Progerin accumulation in HGPS fibroblasts correlates with nuclear defects. Progerin was detected in the three examined cell lines by Western blot analysis (fig. (fig.1A).1A). An increased proportion of progerin relative to mature lamin A was determined in the cell line HGADFN001 from the older patient (fig. (fig.1A).1A). The lamin A/C level was reduced in HGADFN001 fibroblasts (fig. (fig.1A).1A). Emerin expression was not affected in HGPS cells (fig. (fig.1A1A).

Figure 1
Nuclear defects in HGPS fibroblasts. (A) Western blot analysis of lamins in HGPS fibroblasts. Lamin A and C were expressed at normal levels in the cell lines HGADFN003 (passage 13) and HGADFN127 (passage 7), while both lamin A and C levels were decreased ...

Nuclear shape was dramatically altered in HGPS fibroblasts, with enlarged nuclei characterized by invaginations and blebs (fig. (fig.1B).1B). Double-immunofluorescence labeling of HGPS fibroblasts was performed using anti-lamin A/C and anti-emerin antibodies. Lamin A/C and emerin mostly co-localized in progeria nuclei (fig. (fig.1B).1B). Worsening of nuclear envelope defects with patient age was evident (compare HGADFN003 and HGADFN001 nuclei; fig. fig.1B1B).

Electron microscopy analysis of HGPS nuclei confirmed the worsening of nuclear defects with patient age (fig. (fig.1C).1C). Focal loss of peripheral heterochromatin was observed in most nuclei, while heterochromatin areas became almost undetectable in the older cell line (fig. (fig.1C).1C). Nuclear envelope invaginations were observed (fig. (fig.1C).1C). In some instances, nuclear invaginations also contained the outer nuclear membrane (fig. (fig.1C;1C; arrowheads), but more often were devoid of the outer nuclear membrane and included the perinuclear cisterna (fig. (fig.1C;1C; arrows).

Methylation of H3 histone is altered in HGPS nuclei. The methylation pattern of H3 histone was investigated in HGPS cells. Figure Figure22 shows immunofluorescence labeling of mono-, di- and tri-H3K9 in HGADFN127 fibroblasts. Mono-H3K9 staining was reduced in HGPS nuclei and was moderately detectable in 10–20% of nuclei (fig. (fig.2A).2A). The labeling pattern of di-H3K9 was comparable to controls (fig. (fig.2B),2B), while a dramatic alteration of tri-H3K9 was observed in HGPS cells. Twenty percent of HGADFN127 nuclei were negative for tri-H3K9 staining (fig. (fig.2C).2C). Even more striking alterations of labeling patterns were observed in the other HGPS cell lines (fig. (fig.2C,2C, graph). These results show that both facultative heterochromatin methylation (detected by mono-H3K9 labeling) and constitutive heterochromatin methylation (revealed by tri-H3K9 staining) [12] are altered in HGPS.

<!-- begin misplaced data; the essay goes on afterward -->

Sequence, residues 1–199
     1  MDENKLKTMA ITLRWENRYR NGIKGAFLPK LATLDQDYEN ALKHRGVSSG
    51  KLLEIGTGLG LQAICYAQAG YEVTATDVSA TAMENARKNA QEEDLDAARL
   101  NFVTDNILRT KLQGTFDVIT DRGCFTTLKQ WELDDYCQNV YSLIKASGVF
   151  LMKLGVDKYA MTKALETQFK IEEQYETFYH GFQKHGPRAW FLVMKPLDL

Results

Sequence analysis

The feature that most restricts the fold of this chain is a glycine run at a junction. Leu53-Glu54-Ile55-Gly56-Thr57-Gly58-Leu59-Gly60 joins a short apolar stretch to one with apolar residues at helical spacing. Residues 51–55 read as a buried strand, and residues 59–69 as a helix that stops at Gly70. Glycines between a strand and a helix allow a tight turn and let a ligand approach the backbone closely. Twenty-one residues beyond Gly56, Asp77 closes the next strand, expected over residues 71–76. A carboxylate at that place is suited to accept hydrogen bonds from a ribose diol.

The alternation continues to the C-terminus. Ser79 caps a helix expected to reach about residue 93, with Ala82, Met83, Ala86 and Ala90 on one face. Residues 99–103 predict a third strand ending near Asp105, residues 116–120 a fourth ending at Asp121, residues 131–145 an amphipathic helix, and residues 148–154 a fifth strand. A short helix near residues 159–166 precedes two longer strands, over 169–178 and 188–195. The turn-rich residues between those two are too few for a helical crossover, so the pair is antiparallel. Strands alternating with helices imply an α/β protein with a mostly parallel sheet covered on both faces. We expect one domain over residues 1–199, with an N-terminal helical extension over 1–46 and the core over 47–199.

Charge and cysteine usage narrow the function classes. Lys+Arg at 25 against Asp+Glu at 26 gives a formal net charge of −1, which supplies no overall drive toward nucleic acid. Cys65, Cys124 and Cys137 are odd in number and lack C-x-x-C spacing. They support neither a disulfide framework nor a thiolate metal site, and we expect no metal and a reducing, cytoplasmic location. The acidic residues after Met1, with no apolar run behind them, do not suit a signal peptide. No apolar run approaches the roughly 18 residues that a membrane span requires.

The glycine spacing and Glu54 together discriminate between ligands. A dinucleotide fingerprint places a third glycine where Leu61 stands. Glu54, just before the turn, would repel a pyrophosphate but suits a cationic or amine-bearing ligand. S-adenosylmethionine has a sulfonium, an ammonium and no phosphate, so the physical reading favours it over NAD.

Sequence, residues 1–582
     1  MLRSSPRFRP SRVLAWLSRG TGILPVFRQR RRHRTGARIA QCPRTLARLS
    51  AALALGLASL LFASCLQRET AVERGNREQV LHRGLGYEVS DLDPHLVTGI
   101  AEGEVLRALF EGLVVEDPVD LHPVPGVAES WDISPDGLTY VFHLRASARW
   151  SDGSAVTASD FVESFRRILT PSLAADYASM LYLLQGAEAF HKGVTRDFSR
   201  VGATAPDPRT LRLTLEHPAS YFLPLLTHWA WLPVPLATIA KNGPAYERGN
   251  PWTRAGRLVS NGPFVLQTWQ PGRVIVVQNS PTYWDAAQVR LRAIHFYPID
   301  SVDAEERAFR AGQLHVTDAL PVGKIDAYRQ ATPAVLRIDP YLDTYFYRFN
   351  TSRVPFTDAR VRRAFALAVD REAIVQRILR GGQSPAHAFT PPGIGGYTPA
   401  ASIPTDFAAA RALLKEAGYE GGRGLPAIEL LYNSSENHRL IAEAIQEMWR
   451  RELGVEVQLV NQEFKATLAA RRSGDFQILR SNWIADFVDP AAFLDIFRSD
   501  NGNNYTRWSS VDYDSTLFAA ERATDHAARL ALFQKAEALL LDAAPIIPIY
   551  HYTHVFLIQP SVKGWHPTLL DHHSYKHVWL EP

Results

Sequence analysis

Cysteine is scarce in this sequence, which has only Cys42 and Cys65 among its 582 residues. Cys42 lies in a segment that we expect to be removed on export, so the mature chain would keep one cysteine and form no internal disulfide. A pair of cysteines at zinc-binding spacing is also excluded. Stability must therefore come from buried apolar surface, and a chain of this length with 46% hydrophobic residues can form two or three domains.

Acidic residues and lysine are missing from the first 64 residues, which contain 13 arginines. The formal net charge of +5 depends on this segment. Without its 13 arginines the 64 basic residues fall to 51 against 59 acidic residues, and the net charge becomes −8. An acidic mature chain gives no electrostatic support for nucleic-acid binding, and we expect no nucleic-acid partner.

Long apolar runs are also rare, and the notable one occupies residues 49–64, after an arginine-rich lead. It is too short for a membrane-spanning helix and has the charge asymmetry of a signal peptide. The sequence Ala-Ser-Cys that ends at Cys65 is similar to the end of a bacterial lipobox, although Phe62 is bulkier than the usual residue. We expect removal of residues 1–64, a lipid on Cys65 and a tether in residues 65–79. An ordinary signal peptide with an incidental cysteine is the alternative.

Figure 2
Immunofluorescence labeling of methylated H3 histone species in control and HGPS fibroblasts. H3K9 labeling was performed by specific antibodies and revealed by FITC-conjugated secondary antibody (green); lamin A/C was labeled by polyclonal antibody and ...

Progerin accumulation is reduced by mevinolin treatment. In the attempt to destabilize progerin, we used mevinolin to obtain defarnesylation. Figure Figure3A3A shows the WB analysis of progerin in HGPS fibroblasts subjected to mevinolin treatment. Control fibroblasts were also treated with the farnesyltransferase inhibitor and subjected to Western blot analysis using anti-lamin A/C antibody (fig. (fig.3)3) and anti-pre-lamin A antibody (not shown). Beside the expected increase in wild-type prelamin A caused by mevinolin in all the examined cell lines, a decrease in the amount of progerin was observed in HGPS lysates (fig. (fig.3A).3A). The lamin A level was slightly reduced by mevinolin treatment, while amounts of lamin C and emerin were not affected (fig. (fig.3A3A).

Figure 3
WB analysis of lamins in drug-treated HGPS fibroblasts. Control and HGPS fibroblasts were subjected to drug treatment, lysed and protein separation was obtained by SDS-PAGE. An immunoblot was performed using anti-lamin A/C or anti-emerin antibodies. (A) ...